Torgersen is right about Worldcon and the awards it hands out. It is an event for Americans, by Americans. Everybody else assimilates, or is excluded. Worldcon might promote an American industry to customers overseas, but reveals little appetite for international diversity within that industry. That would imply more competition for American writers and American businessmen, and it would also mean more competition amongst ideas.

I like my science fiction to be challenging, and I find the world to be a challenging place. Not everyone is like me, and not everyone shares my tastes or opinions. It would be unreasonable to expect otherwise. So I must expect that some will prefer to observe the world whilst wearing blinkers or rose-tinted spectacles. They have a right to free speech, even if they only use it to talk amongst themselves. If it makes them happy, they should continue as they are. But nobody should pretend that the members of Worldcon aspire to realize the greatest, most diverse potential of the SF market. They may refer to their event as Worldcon, but this ‘fandom’ retreats from the world at large.

 

J. A. Micheline on Women Write About Comics

“A Message From Tom Doherty: We Are An Apolitical Island, Nothing to See Here” – June 14

Some of you may be familiar with the Rabid/Sad Puppies Hugo Award Scandal of 2015, which has basically been a study in gatekeeping, sexism, racism, and all the less-than-cute things we have all come to know and hate about…well, fandom. Last month, Tor.com’s Associate Publisher and Tor Books’ Creative Director Irene Gallo made statements on her personal Facebook page that expressed her disgust with the Rabid/Sad Puppy movement. She describes them as “right wing to neo-nazi,” and “unrepentantly racist, misogynist, and homophobic.” She also did not clarify that these statements were her own and not reflective of Tor.com/Tor Books as a whole.

You know. Even though they were on her personal Facebook page.

So, naturally, on Monday–coincidentally, mere days before the winners of the Nebula Awards were announced–Tom Doherty, Tor Books President and Publisher took to the Tor.com page to let everyone know that (1) that Sad Puppies is “not all (white) men,” (2) that Tor is about publishing a diverse set of books and has no political agenda, and (3) that Irene Gallo has been tamed and put back in her cage, y’all, so let’s get back to business and forget this ever happened.

I mean, I’m paraphrasing, but you get it.

I’m not going to spend time debunking the “not all (white) men” portion of the post because other people have already made this point about the Rabid/Sad Puppies’ agenda. I’m just going to let it sit there that the odd circumstantial nature of this statement coming out a month after Ms. Gallo’s words but just in time to distract from women basically sweeping the Nebula Awards. I will say that making a list of some of the women and people of color included on their slate to prove that they aren’t racist or sexist is a very, very weird thing to do if your site and/or publisher has no political agenda.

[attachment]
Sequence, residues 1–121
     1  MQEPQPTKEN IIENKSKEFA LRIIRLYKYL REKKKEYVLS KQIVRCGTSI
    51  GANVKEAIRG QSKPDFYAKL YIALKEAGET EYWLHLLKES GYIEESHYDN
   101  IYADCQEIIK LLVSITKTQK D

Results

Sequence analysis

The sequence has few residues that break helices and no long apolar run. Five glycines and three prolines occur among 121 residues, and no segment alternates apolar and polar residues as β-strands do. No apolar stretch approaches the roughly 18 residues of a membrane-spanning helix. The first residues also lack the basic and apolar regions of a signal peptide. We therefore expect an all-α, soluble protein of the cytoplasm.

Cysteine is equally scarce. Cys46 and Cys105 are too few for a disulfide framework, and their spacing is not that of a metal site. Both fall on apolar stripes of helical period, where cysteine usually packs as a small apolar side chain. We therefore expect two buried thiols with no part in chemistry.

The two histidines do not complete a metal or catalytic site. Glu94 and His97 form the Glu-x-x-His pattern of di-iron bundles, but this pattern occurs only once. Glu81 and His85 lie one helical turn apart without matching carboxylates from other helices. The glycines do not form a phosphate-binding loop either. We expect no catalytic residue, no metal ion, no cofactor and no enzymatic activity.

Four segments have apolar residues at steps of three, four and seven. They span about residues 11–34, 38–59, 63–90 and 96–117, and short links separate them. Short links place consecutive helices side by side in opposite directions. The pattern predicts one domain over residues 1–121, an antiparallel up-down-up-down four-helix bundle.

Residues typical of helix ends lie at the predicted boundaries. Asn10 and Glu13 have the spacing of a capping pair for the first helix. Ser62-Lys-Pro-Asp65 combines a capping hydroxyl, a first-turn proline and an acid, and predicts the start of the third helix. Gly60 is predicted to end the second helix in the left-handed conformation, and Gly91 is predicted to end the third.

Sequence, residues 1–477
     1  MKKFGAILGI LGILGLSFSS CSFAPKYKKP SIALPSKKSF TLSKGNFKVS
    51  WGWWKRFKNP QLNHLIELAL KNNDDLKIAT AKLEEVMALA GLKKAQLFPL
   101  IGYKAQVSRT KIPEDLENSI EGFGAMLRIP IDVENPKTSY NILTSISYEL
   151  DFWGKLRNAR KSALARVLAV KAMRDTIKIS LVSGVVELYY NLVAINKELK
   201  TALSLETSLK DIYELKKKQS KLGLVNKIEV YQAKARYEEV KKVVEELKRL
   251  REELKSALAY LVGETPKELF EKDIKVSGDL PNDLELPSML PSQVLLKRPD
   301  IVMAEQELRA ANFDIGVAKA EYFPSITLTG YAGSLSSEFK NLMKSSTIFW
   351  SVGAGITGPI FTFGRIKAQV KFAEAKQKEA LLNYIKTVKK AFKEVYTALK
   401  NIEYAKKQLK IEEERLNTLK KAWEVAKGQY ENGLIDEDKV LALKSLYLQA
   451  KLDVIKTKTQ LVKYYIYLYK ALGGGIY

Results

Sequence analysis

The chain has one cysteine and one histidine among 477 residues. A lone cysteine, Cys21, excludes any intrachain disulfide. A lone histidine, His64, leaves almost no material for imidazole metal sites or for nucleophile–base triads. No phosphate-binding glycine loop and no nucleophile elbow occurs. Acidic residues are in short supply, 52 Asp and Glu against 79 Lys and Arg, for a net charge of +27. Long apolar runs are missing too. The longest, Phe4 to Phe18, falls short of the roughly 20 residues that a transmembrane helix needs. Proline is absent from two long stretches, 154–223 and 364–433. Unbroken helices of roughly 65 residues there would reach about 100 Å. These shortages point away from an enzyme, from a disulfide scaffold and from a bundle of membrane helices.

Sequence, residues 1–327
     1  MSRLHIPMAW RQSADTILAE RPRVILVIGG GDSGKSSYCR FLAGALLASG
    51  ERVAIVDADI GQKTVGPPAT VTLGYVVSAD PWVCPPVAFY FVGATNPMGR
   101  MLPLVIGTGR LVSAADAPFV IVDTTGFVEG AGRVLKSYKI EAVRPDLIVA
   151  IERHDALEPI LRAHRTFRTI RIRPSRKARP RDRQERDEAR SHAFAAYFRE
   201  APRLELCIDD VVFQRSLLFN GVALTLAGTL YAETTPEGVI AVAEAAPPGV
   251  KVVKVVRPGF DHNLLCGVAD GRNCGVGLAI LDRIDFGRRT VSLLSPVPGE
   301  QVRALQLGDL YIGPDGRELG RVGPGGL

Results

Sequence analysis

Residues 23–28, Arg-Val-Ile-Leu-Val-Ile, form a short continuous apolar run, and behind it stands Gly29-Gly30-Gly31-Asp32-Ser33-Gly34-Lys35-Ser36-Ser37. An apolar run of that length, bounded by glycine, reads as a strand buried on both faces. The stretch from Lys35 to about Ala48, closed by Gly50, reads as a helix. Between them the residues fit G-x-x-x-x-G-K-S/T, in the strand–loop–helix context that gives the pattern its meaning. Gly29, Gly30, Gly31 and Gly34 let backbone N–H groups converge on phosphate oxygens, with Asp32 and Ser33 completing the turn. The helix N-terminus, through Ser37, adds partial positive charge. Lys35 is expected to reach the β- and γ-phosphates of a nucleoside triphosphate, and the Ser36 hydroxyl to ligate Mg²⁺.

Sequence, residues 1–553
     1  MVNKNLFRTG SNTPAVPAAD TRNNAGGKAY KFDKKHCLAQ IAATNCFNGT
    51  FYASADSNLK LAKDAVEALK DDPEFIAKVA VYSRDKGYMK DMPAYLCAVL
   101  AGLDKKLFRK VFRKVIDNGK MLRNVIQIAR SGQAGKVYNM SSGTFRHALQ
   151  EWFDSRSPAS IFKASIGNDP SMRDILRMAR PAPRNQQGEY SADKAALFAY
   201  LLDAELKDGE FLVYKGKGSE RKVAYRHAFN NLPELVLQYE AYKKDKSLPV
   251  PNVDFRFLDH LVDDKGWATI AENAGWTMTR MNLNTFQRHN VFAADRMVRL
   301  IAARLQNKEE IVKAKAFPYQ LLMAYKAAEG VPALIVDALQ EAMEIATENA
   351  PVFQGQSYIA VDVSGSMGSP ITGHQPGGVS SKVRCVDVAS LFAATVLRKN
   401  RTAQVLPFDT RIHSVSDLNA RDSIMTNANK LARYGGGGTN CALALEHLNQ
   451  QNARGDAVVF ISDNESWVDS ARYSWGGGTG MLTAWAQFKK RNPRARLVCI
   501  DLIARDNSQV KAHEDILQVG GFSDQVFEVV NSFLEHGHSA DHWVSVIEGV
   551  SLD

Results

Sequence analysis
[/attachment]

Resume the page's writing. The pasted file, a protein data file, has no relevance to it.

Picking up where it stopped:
JoeMama on Eaton Rapids Joe

“Sad Puppies” – June 14

Traditional publishing houses are still pretty good at putting physical copies of books on the shelves of physical book stores.  It can do that because of its access to commercial credit….the ability to take on debt.

They also retain the ability to promote although most readers find a hundred favorable on-line reviews infinitely more compelling than a frothy blurb written by a shill-for-hire.

And, until this year, traditional publishing houses “owned” the Hugo award process and thus controlled the free publicity the Hugos generated.

But the chickens came home to roost this year.  All of those writers that the gate keepers were discarding because their politics were not “good”….they never went away.  They self published.  They banded together to create pools of alpha and beta readers.  They communicated.

And they got mad.  These are smart people.  They were able to synthesize the Big Picture.  And they did not like it.  They were filled with the anger of a spurned lover, one who had been ditched for a rich girl.

Here is the joke, the rich girl only looks rich.  She is living on debt and past glory.  She is about to collapse like a brittle drunk.  The traditional publishing industry is doomed unless it has its own  Counter Reformation.

 

Brad R. Torgersen in a comment to Eric Flint  – June 10

4) Mike Resnick is an outlier, Eric. You yourself have always talked about outliers. And the reason Mike is an outlier is because Mike has been in Fandom (caps f) for his entire life, and is known and beloved to many, and he’s never made it his business to broadcast his politics on social media. The great sin of the 21st century Fandom landscape, has been for conservatives and libertarians — like Michael Z. Williamson — to actually display their beliefs in the public square. I know you don’t think much of William F. Buckley, but he was dead right when he said, “Liberals will often tell you that they are open to other opinions; then react with shock and dismay to discover that there are other opinions.” That’s progressive Fandom in a nutshell. Notice that Mike Resnick got his cojones rosted on a spit the second he and Barry Malzberg actually did express themselves, in the pages of the SFWA Bulletin. They were castigated, maligned, and ejected.

 

JT’s German Adventure

“The REAL Hugo Controversy” – June 14

The Sad and/or Rabid Puppies may try to convince you that there’s a bias at work in the Hugo Awards*, and they may be right. However, they’ve overlooked the REAL shameful secret of the Hugo Awards. That secret? No novel written in a language other than English has ever won. Do you really believe that the best sci-fi/fantasy novel of the year was originally written in English… for SIXTY consecutive years? This stretches credulity.